Week 48 – I’ll weave her a garland

'The Garland of Love' - broadside from the English Ballad collection, National Library of Scotland

When I was a student in Oxford in the early 80s, Len & Barbara Berry were regular visitors to the Heritage Society, the University folk club. In fact they were regular visitors to pretty much every folk club in the area, as well as running their own monthly club in Kirtlington Village Hall.

Len sadly passed away at the start of the year, and the obituaries give a sense of the affection in which he was held.

Barbara did a lot of work on the songs collected by Alfred Williams, and published in Folk Songs of the Upper Thames. Williams noted only the words, so Barbara found suitable tunes, or simply composed her own – as was the case with this song, which was always my favourite.

Alfred Williams collected the words  from Mrs Rowles of Witney, and noted that it was “Formerly sung by her father, W. Barrett, of Marston Meysey.”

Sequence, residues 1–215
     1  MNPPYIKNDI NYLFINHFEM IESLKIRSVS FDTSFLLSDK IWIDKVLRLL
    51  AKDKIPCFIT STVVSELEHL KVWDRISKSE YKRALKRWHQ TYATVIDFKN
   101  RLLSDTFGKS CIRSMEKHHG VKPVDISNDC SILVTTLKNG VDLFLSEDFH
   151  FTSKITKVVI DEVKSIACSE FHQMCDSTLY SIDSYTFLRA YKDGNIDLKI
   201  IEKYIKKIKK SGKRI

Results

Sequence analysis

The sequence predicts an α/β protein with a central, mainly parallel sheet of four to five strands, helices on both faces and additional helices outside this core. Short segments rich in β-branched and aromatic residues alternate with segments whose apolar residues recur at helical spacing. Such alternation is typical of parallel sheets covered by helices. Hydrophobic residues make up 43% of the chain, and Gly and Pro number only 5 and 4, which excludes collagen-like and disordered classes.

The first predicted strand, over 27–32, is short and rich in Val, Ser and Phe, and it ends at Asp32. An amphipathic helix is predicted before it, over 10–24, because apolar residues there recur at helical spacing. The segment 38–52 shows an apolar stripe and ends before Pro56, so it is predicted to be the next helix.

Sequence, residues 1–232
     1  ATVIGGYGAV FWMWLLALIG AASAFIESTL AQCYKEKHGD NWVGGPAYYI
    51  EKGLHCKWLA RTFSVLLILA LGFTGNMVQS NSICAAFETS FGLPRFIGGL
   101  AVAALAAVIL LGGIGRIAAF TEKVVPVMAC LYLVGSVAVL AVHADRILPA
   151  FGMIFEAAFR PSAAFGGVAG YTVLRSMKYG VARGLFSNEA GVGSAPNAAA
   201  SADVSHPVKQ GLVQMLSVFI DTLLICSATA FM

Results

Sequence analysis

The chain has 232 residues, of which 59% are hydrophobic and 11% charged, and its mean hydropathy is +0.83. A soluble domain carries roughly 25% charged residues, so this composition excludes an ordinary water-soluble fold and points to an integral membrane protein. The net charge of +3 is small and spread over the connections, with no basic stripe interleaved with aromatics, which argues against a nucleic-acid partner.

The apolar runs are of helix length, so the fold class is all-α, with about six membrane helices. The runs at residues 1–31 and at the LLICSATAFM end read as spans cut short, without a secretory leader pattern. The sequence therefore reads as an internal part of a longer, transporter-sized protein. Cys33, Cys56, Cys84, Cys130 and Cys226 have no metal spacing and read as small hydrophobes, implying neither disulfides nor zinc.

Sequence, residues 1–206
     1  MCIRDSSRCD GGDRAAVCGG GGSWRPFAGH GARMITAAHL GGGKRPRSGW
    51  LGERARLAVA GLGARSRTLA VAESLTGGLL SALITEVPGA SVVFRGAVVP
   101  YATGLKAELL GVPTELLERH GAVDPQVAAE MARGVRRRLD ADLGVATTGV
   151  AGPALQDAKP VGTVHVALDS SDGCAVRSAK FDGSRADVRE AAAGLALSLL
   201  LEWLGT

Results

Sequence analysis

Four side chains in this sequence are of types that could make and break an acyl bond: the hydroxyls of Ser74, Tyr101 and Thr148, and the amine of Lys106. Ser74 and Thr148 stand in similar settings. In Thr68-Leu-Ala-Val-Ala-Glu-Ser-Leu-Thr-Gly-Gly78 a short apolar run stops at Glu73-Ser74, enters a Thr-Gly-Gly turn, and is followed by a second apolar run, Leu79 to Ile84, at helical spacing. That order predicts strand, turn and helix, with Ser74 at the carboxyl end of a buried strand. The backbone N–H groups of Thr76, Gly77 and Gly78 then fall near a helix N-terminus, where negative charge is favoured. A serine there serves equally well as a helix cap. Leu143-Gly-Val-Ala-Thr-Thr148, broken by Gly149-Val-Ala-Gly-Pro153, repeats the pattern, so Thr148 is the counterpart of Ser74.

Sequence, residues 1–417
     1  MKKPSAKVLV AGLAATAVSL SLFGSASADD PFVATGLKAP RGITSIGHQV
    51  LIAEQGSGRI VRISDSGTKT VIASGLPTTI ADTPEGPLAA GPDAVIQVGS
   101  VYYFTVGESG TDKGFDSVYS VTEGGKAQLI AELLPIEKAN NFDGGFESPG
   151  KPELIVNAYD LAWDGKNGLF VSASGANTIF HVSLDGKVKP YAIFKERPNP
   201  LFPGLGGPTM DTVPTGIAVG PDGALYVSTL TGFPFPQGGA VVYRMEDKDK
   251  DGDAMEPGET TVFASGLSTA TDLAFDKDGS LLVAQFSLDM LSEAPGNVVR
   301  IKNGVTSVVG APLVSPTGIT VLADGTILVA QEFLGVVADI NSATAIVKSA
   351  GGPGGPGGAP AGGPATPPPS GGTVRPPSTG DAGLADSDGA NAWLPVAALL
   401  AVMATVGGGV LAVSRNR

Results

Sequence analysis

A search of the Roud Index reveals that the song was published on a number of broadsides – the example shown is from the English Ballads collection being built up by the National Library of Scotland. A couple of verses were even included in Theodore Hook’s Hungarian melodrama Tekeli

As performed at the Theatre Royal, Drury-Lane.

This piece made its first appearance at Drury Lane, on the 24th of November, 1806, and is said to be a translation by Mr Hook, Jun. and by him adapted to the English stage. The interest is supported with much ingenuity through the whole performance, and the music on which the success of this species of drama so much depends, well suited to the action. It abounds in loyal and noble sentiments, calculated for the meridian in which it was produced. It was received with the most unbounded applause, and announced for a second representation amidst repeated bravoes.

[text above corrected by me from the poorly OCR-d version at the Internet Archive]

When I asked Barbara Berry if I might sing this song, she said “yes” – as long as I credited her as my source. I have of course always been very happy to do so. Thank you, Barbara.

 

Len Berry & his son, Bob – photo by Bob Naylor

Len Berry & his son, Bob – photo by Bob Naylor

 

I’ll weave her a garland